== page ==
From the initial moments of writing The Most Important Question, I found myself "seeing" with unusual clarity the scenes I was creating with written words. I had an inner understanding that the text was meant to encourage readers to imagine and to visualize what the words suggested in order to strengthen those skills within themselves.
4) Do the whimsical elements in The Most Important Question serve a deeper purpose?
On the day I was inspired to write this book, I remember Alexandra Elizabeth jumping onto the page. As whimsical details began to suggest themselves, I at first attributed them to her delightful influence. These details lightened my energy in an unusual way. Working with
The Most Important Question I came to realize that the whimsy is not only meant to amuse us, but also to bring us "lightness of being." This helps open our hearts so we can reflect deeply upon our individual answers to Albert Einstein's most important question.
5) Many readers feel drawn to the vivid colors of the illustrations as much as to the story. Is there a reason for this?
The illustrations featuring bands in bright, pure-hued color are not only visually vibrant, but healing as well. The colors, sequenced in the same order as in rainbows, also represent the chakras, or spiritual energy centers in the human body. In The Most Important Question they are "scrolled" from page to page which provides a healing flow. Readers need not know this in order to benefit from the subtle balancing of their energy that takes place as they view the art. Nevertheless, this may account for the joy many feel in response to the book. Readers who are too young or no longer able to concentrate on the words of the book, will benefit from the healing energy of the illustrations.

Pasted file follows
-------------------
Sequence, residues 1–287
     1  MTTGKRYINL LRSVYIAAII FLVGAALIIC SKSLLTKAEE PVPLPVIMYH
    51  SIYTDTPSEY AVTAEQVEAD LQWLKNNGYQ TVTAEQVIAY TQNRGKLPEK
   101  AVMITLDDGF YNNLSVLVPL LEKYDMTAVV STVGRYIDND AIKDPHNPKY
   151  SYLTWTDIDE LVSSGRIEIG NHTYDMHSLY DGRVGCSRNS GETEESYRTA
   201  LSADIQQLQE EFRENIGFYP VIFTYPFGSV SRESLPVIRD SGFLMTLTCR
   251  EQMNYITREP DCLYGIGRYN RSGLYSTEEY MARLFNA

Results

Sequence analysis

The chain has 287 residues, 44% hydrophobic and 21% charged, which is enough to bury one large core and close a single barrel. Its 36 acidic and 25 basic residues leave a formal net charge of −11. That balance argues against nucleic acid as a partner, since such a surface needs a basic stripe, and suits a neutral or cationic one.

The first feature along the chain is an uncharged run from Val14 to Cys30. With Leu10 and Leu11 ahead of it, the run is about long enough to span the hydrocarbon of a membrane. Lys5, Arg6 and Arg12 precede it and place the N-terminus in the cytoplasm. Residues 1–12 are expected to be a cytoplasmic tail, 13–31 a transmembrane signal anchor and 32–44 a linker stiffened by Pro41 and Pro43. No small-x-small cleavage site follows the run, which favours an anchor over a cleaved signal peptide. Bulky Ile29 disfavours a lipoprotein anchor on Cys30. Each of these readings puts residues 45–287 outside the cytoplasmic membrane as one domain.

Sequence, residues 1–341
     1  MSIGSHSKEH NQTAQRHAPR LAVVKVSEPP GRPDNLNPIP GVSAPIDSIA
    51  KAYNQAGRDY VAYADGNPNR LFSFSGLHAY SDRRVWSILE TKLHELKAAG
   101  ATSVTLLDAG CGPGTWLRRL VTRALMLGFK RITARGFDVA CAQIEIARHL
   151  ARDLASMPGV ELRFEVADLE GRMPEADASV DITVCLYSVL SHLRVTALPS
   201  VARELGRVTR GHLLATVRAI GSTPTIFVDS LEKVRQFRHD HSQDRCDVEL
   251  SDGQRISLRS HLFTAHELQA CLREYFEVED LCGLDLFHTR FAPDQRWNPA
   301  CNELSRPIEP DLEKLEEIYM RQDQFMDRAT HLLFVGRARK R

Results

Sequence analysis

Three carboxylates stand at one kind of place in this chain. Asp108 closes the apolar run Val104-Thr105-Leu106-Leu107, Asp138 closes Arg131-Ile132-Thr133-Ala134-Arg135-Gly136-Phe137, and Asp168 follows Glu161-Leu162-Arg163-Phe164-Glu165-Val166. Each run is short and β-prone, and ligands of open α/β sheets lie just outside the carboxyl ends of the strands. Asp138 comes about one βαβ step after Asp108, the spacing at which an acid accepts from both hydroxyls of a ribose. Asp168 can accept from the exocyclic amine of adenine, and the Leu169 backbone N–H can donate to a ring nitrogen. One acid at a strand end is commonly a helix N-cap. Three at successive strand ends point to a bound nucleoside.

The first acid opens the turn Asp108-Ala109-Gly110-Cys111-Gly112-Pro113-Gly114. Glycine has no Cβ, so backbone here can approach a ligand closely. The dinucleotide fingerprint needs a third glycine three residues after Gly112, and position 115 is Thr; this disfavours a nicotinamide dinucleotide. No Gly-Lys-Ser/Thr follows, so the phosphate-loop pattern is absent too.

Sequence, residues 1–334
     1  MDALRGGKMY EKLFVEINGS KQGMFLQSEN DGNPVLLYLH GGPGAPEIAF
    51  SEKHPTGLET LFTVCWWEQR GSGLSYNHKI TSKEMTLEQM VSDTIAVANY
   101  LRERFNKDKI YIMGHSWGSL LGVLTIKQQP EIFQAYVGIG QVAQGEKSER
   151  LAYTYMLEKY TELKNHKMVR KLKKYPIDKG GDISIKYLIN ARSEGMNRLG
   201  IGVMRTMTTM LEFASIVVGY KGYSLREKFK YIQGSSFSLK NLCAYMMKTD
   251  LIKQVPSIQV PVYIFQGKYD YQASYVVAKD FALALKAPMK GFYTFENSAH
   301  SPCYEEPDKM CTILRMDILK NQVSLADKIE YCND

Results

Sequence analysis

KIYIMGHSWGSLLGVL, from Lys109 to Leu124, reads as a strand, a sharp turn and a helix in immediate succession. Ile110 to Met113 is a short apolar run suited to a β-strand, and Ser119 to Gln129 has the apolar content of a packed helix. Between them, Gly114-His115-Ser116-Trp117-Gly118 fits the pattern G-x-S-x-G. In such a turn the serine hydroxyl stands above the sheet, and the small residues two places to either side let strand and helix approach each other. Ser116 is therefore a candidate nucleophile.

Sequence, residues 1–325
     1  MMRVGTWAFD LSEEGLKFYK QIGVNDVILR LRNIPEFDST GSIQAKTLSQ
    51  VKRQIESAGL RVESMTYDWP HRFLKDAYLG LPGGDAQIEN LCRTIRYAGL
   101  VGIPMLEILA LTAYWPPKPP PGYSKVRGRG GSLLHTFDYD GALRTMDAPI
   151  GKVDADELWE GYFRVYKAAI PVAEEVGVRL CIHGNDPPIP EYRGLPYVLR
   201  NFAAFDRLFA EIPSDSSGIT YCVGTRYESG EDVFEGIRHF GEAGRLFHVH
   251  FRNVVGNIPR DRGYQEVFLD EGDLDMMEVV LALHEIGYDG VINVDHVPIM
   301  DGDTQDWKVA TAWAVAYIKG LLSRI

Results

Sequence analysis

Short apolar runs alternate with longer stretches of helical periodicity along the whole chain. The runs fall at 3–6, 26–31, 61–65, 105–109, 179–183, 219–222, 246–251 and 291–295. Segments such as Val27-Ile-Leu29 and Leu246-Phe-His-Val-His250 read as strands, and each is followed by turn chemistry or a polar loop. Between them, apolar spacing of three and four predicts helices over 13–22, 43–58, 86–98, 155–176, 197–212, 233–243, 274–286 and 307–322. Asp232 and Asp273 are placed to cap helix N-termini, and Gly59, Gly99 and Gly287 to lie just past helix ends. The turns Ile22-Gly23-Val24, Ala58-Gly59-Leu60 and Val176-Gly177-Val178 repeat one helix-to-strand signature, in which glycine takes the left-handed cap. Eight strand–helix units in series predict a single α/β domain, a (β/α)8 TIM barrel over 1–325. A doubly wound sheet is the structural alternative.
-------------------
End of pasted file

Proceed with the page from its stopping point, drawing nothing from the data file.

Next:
6) How did the image YOUNIVERSE come to be?
While creating the illustrations I awakened one night with the word YOUNIVERSE clearly in my mind. I remember smiling delightedly in the dark as I recognized the perfection of the inspired image.
YOUNIVERSE is at the heart of The Most Important Question, a powerful conceptualization of the friendly universe. It reflects back to us our significance as individuals to the wholeness of life, and reveals how treasured and supported each of us is in the loving scheme of the Universe.
Review of 'The Most Important Question' from the Topanga Messenger
THE MOST IMPORTANT QUESTION
By H. CONSTANCE HILL; www.diamondclearvision.com
Albert Einstein believed our answers to
"IS THE UNIVERSE A FRIENDLY PLACE, OR NOT"
have a significant impact on how our individual lives unfold and,
ultimately, determine humanity's destiny. Here in his own words is why:
"If we decide that the universe is unfriendly, then we will use our technology, our scientific discoveries, and our natural resources to achieve safety and power by creating bigger walls to keep out the unfriendliness, and bigger weapons to destroy all that which is unfriendly. And, I believe that we are getting to a place where technology is powerful enough that we may either completely isolate or destroy ourselves as well in this process."
"If we decide that the universe is neither friendly nor unfriendly and that God is essentially "playing dice with the universe," then we are simply victims to the random toss of the dice and our lives have no real purpose or meaning."
"But if we decide that the universe is a friendly place, then we will use our technology, our scientific discoveries, and our natural resources to create tools and models for understanding the universe. Power and safety will come through understanding its workings and its motives."